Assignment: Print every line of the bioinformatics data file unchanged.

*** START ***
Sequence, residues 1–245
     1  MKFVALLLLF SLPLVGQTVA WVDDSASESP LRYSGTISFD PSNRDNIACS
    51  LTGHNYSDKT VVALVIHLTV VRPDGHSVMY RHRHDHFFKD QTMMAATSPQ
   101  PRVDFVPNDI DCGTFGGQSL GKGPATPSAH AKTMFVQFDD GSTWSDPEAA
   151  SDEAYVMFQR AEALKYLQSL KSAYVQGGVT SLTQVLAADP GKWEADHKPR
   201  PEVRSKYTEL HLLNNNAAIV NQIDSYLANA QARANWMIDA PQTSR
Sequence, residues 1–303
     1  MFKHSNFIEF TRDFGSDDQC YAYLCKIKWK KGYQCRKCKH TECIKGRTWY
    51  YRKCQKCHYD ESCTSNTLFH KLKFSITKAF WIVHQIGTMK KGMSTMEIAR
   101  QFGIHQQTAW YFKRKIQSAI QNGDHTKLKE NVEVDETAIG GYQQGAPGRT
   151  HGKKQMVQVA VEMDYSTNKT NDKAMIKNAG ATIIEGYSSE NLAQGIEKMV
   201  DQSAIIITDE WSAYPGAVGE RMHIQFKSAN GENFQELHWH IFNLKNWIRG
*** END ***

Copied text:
Sequence, residues 1–245
     1  MKFVALLLLF SLPLVGQTVA WVDDSASESP LRYSGTISFD PSNRDNIACS
    51  LTGHNYSDKT VVALVIHLTV VRPDGHSVMY RHRHDHFFKD QTMMAATSPQ
   101  PRVDFVPNDI DCGTFGGQSL GKGPATPSAH AKTMFVQFDD GSTWSDPEAA
   151  SDEAYVMFQR AEALKYLQSL KSAYVQGGVT SLTQVLAADP GKWEADHKPR
   201  PEVRSKYTEL HLLNNNAAIV NQIDSYLANA QARANWMIDA PQTSR
Sequence, residues 1–303
     1  MFKHSNFIEF TRDFGSDDQC YAYLCKIKWK KGYQCRKCKH TECIKGRTWY
    51  YRKCQKCHYD ESCTSNTLFH KLKFSITKAF WIVHQIGTMK KGMSTMEIAR
   101  QFGIHQQTAW YFKRKIQSAI QNGDHTKLKE NVEVDETAIG GYQQGAPGRT
   151  HGKKQMVQVA VEMDYSTNKT NDKAMIKNAG ATIIEGYSSE NLAQGIEKMV
   201  DQSAIIITDE WSAYPGAVGE RMHIQFKSAN GENFQELHWH IFNLKNWIRG